Here’s why there is a growing demand for skilful players of Tencent’s Honour of Kings

Here’s why there is a growing demand for skilful players of Tencent’s Honour of Kings

People are paying for others to help them level up their Honour of Kings profiles, despite it being against the game’s terms of service, in order to build their social status

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A black market has emerged for experienced players of Honour of Kings.
Photo: Reuters

A black market has emerged for Tencent’s mobile smash hit, Honour of Kings. People are selling their services – helping people level up, or gain better weapons or avatars – to those who don’t have the time to get these things themselves.

Last week, ace-player-hire Huang Zhibin helped a Shenzhen business owner slay foes in the early hours of the morning. Then he played the game for a university student from Hong Kong, and later, an office lady in Beijing. 

The League of Legends-like game is feeding an underground market for battle-tested coaches who help newbies climb up the rankings, either via ready-made accounts, or by logging onto their social media profiles and helping them level up.

With more than 200 million players hooked, the world’s top-grossing iOS mobile game in July has created a class system in real life. Mums, students and office workers find out their colleagues’ and friends’ ratings by linking their accounts to WeChat. On Honour of Kings, it’s become a race to impress – and many will pay for status.

“These people have busy daytime jobs, and not all of them have the skills, but no one wants to be laughed at,” said Huang, who has helped almost 200 people boost their rankings in less than a year. By day, Huang, 26, works as a rail mechanic in Fujian. By night, he charges a one-time fee of about 2,000 yuan to help newbies gain a coveted “Supreme King” label within a week.


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“Now you have office workers, businessmen who want to wow their friends,” said Huang, who can make 10,000 yuan a month – more than double his regular salary.

In Honour of Kings, players typically fight in teams of five through a battle arena against real opponents. The game is free to download and play, with Tencent getting money from users paying to upgrade their powers. The risk is that instead of buying from Tencent, money flows to the black market, said Jelle Kooistra, head of mobile at gaming consultant Newzoo.

“I would strongly advise game developers that recognise these problems to clearly signal that account trading is not allowed,” Kooistra said. “If not, in-game spending can slowly drift away from official to non-official channels, particularly among those who spend the most.”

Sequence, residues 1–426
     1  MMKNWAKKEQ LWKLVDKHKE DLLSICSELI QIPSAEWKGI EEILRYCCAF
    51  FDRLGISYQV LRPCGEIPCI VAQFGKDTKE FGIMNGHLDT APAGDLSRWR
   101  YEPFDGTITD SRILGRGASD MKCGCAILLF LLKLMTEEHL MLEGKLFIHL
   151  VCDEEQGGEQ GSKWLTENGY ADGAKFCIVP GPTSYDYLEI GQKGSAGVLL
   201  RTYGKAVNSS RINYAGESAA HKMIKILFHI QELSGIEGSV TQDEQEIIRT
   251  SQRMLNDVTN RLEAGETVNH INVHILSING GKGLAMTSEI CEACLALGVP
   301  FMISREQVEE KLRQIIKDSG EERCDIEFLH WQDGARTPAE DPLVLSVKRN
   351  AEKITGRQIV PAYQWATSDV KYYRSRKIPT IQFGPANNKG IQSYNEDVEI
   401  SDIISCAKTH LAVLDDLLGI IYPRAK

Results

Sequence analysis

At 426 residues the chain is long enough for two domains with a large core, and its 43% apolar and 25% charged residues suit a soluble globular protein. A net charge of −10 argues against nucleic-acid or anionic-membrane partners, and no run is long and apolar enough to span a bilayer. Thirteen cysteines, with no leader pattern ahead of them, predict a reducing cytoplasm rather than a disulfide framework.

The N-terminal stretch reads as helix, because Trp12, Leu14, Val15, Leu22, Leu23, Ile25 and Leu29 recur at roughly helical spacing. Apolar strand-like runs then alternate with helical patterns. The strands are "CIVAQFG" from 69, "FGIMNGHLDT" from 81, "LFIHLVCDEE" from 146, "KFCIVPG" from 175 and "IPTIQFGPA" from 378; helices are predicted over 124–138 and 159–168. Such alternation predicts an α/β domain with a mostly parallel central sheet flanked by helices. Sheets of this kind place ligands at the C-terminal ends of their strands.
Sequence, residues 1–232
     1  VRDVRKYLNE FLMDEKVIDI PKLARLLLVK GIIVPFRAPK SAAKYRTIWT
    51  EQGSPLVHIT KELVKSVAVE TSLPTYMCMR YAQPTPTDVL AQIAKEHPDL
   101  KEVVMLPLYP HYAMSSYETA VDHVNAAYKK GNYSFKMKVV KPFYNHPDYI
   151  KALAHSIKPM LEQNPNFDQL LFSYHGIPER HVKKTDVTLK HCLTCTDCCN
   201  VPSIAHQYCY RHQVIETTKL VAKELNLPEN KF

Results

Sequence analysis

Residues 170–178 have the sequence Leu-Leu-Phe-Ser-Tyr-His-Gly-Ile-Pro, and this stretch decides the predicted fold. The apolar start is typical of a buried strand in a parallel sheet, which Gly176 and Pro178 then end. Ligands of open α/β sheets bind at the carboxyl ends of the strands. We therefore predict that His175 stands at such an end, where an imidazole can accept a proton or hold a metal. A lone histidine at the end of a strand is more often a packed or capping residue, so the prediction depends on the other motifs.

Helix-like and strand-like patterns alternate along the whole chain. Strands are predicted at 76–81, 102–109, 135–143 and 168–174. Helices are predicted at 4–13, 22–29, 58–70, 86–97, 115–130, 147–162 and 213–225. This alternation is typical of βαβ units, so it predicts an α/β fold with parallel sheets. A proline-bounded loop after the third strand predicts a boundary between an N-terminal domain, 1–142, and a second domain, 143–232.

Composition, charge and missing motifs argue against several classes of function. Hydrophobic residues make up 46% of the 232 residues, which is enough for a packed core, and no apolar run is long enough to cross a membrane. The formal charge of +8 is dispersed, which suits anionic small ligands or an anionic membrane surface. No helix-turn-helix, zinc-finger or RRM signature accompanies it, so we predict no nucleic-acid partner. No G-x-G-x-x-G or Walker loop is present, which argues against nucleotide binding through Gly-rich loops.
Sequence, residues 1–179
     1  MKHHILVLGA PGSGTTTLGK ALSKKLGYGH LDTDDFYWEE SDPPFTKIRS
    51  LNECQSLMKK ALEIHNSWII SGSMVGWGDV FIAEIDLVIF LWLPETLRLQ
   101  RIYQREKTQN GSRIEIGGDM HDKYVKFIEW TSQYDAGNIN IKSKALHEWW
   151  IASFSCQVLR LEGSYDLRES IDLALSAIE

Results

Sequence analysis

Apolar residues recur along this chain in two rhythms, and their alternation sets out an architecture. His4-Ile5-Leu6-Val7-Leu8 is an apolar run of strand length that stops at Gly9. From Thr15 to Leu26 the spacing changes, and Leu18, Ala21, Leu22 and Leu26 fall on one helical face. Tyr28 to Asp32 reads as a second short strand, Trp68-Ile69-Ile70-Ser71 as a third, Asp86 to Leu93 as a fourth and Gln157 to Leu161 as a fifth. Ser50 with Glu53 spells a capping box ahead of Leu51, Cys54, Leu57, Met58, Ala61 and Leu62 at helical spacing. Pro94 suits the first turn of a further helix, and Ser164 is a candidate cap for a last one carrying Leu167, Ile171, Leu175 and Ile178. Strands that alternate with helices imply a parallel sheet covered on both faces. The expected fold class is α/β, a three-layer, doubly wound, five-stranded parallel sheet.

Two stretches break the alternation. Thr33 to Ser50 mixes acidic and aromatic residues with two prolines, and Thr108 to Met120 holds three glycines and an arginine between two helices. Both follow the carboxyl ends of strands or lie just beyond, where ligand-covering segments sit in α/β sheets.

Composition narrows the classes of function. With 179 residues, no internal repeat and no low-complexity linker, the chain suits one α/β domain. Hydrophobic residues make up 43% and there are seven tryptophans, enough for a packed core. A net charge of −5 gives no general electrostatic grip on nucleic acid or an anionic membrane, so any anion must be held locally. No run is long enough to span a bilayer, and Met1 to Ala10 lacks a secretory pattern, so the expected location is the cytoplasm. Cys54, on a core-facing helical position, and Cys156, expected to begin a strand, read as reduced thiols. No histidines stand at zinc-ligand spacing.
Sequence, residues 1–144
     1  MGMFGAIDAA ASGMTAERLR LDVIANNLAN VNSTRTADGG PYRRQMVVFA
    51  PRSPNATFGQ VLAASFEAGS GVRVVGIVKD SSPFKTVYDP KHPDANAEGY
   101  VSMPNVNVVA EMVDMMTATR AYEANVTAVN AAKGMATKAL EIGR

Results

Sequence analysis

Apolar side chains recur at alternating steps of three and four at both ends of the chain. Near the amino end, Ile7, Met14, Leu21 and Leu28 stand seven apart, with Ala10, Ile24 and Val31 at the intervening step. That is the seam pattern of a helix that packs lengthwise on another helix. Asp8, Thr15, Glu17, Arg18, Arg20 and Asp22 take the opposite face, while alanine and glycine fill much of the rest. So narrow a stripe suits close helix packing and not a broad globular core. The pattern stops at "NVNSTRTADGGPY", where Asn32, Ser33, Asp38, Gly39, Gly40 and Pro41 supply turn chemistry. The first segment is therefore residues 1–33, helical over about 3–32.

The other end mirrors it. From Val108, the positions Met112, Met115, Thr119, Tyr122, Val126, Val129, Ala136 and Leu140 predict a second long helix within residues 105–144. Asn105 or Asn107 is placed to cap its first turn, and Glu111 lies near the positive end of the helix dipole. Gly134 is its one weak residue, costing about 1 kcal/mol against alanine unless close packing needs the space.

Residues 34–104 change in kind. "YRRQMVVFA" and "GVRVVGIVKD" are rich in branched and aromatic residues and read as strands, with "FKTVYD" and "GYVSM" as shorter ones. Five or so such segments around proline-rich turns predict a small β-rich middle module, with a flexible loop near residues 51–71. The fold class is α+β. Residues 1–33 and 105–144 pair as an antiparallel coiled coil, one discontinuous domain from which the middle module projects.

A spokeswoman for Tencent didn’t respond to multiple messages requesting comment.

It’s unclear how large the underground market has grown, but on e-commerce sites like Alibaba’s Taobao there are shops offering similar services. With Tencent restricting playing time for children in response to government criticism, merchants are selling fake WeChat IDs for 40 yuan each. Even the game’s own official message board is full of notices offering private lessons on how to rise through the game.

One of Huang’s earliest customers was Jewin Zhu, a 36-year-old Chinese property developer in Sydney who spotted his ad on a forum. Zhu was stuck, unable to master the “assassin” avatar he favoured and feeling he needed it to maintain his social circle since the game serves as an ice-breaker or bonding exercise for newly made WeChat acquaintances.


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“The main reason I still play this game is purely for the purpose of social networking,” said Zhu, who owns at least six accounts so he has the appropriate ones to match his business contacts. “When you meet someone new, this is the easiest way to bridge a connection.”

While the terms of service for the game bans accounts suspected of paying others to play for them, Tencent hasn’t taken any public action against these practices. That may have to change as Tencent prepares to debut its biggest in-house title in the US. While dominant on its home turf, the company has yet to demonstrate an ability to woo foreign audiences. Its biggest overseas hits – Riot Games Inc.’s League of Legends and Supercell Oy’s Clash of Clans among them – were acquired at a huge cost.

Till then, Huang is making a good income from his side gig. While some clients seek private tutoring, others want him to play on their behalf. The latter group hand over their WeChat details so Huang can temporarily assume their identities. That’s no casual sacrifice: like Facebook, WeChat is the first resort for millions booking rides, ordering food or just looking up news, and comes with a digital wallet and entire contact list. 

But to many it’s a small price to pay, and Huang says their private information is of no value or interest to him. For those worried about money stored on WeChat, Huang advises them to set up payment passwords so he can’t move their funds. He says he hasn’t encountered complaints so far. Indeed, Huang’s more worried about the competition, which is getting fiercer as the underground market grows. He’s had to lower his fees just to beat back rivals.

“Too many people are offering the same service these days,” he complains. “That’s why word of mouth is very important.”

Edited by Ginny Wong

This article appeared in the Young Post print edition as
Paying better players to play

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